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The question: A sell-out crowd of $42,200$ is expected at Cleveland's Jacobs Field for next Tuesday's game against the Baltimore Orioles, the last before a long road trip. The ballpark's concession manager is trying to decide how much food to have on hand. Looking at records from games played earlier in the season, she knows that, on the average, $38$% of all those in attendance will buy a hot dog. How large an order should she place if she wants to have no more that a $20$% chance of demand exceeding supply?

I know I need to use a normal distribution for this but I am having trouble figuring out what the specific parts are, for example, what is n?

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38% is the proportion of people expected to buy hot dogs, $p$, and 42,200 is the total number of people expected at the game, $n$. You should approximate the distribution of people buying hot dogs, which is binomial, with a normal distribution. – caburke Feb 1 '13 at 4:49
@caburke how do I use these to find out the answer? I think I am really stuck on how to use these numbers correctly even though I have thought about this problem for several days now. – user59633 Feb 6 '13 at 1:06

So you can start with normal approximation to the binomial with $\mu=np$ and $\sigma^2=np(1-p)$, where $p=0.38$ and $n=42,200$. Let $X$ then denote the order that needs to be placed. You just need to find $R_{hotdogs}$ where $P(X<R_{hotdogs})=1-0.2$.

$R_{hotdogs}$ is the number of hotdogs that she needs to put orders for if she wants to have no more that a $20\%$ chance of demand exceeding supply. I am hoping you can calculate the quantile here.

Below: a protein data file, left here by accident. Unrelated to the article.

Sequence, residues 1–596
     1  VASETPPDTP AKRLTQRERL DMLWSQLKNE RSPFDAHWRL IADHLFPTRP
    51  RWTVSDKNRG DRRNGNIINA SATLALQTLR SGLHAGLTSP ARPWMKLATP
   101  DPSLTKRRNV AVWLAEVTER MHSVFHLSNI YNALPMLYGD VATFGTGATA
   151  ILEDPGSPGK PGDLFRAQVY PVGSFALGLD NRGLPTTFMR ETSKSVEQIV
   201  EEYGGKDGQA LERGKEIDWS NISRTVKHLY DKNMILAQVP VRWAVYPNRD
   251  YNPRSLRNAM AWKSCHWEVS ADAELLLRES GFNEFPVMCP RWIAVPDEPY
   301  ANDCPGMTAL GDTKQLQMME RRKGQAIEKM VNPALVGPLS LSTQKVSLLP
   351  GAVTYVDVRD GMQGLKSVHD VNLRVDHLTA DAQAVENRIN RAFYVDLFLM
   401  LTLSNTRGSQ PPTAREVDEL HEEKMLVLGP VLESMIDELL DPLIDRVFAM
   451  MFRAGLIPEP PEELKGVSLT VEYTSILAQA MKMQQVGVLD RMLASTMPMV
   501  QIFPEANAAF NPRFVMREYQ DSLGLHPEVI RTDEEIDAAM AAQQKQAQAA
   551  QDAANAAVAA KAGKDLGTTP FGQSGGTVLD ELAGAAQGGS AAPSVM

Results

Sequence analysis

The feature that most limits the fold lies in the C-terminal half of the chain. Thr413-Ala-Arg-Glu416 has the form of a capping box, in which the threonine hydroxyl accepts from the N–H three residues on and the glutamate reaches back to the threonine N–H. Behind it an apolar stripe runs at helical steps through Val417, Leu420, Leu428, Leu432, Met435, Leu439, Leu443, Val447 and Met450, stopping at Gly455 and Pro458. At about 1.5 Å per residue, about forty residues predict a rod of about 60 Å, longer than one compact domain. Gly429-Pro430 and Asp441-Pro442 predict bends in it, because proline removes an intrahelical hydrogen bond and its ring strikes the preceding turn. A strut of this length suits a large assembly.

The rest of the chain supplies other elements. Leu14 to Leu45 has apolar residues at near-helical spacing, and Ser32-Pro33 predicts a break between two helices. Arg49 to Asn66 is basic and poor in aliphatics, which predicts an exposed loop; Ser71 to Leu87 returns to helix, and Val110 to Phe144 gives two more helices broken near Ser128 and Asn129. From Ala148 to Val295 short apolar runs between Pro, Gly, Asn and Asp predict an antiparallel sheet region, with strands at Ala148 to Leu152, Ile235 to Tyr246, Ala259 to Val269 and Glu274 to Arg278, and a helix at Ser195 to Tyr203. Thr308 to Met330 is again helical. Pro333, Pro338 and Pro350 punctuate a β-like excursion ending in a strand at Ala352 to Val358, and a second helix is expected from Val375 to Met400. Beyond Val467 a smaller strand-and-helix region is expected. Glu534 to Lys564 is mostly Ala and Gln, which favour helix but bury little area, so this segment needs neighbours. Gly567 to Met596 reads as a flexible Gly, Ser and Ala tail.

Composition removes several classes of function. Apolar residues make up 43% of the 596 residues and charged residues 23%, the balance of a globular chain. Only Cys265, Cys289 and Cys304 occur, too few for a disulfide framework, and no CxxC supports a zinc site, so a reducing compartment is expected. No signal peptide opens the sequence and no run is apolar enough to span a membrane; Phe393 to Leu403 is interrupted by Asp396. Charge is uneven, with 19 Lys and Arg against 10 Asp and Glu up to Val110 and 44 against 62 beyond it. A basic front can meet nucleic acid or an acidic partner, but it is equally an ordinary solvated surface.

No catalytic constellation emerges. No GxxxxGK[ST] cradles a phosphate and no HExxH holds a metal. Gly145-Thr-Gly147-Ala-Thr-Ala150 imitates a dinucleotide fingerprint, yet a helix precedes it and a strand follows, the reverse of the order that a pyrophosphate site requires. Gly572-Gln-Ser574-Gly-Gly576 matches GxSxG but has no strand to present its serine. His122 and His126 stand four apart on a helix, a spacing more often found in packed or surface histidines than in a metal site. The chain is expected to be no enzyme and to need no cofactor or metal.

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I am still confused. How do you set this problem up? How do you get $R_{hotdogs}$? Do you set up your probability and let that equal $0.2$? – user59633 Feb 3 '13 at 15:27
@user59633 Please review your understanding of normal distribution and their quantile calculations and you would know. – jay-sun Feb 3 '13 at 17:48
But how do you use the 20% in the normal distribution? – user59633 Feb 5 '13 at 0:10
@user59633 I was hoping you can find it out. You have to find the value at which the probability for this distribution is $80\%$, i.e., $0.8$. If you can't, then I think you seriously need to brush up you probability concepts again. – jay-sun Feb 5 '13 at 1:33
Do I find $P[0 < \frac{X-16036}{\sqrt{9942.32}} <0.2]$? That is do I find $P[0 < \frac{X-np}{\sqrt{np(1-p)}} <0.2]$? – user59633 Feb 5 '13 at 21:44

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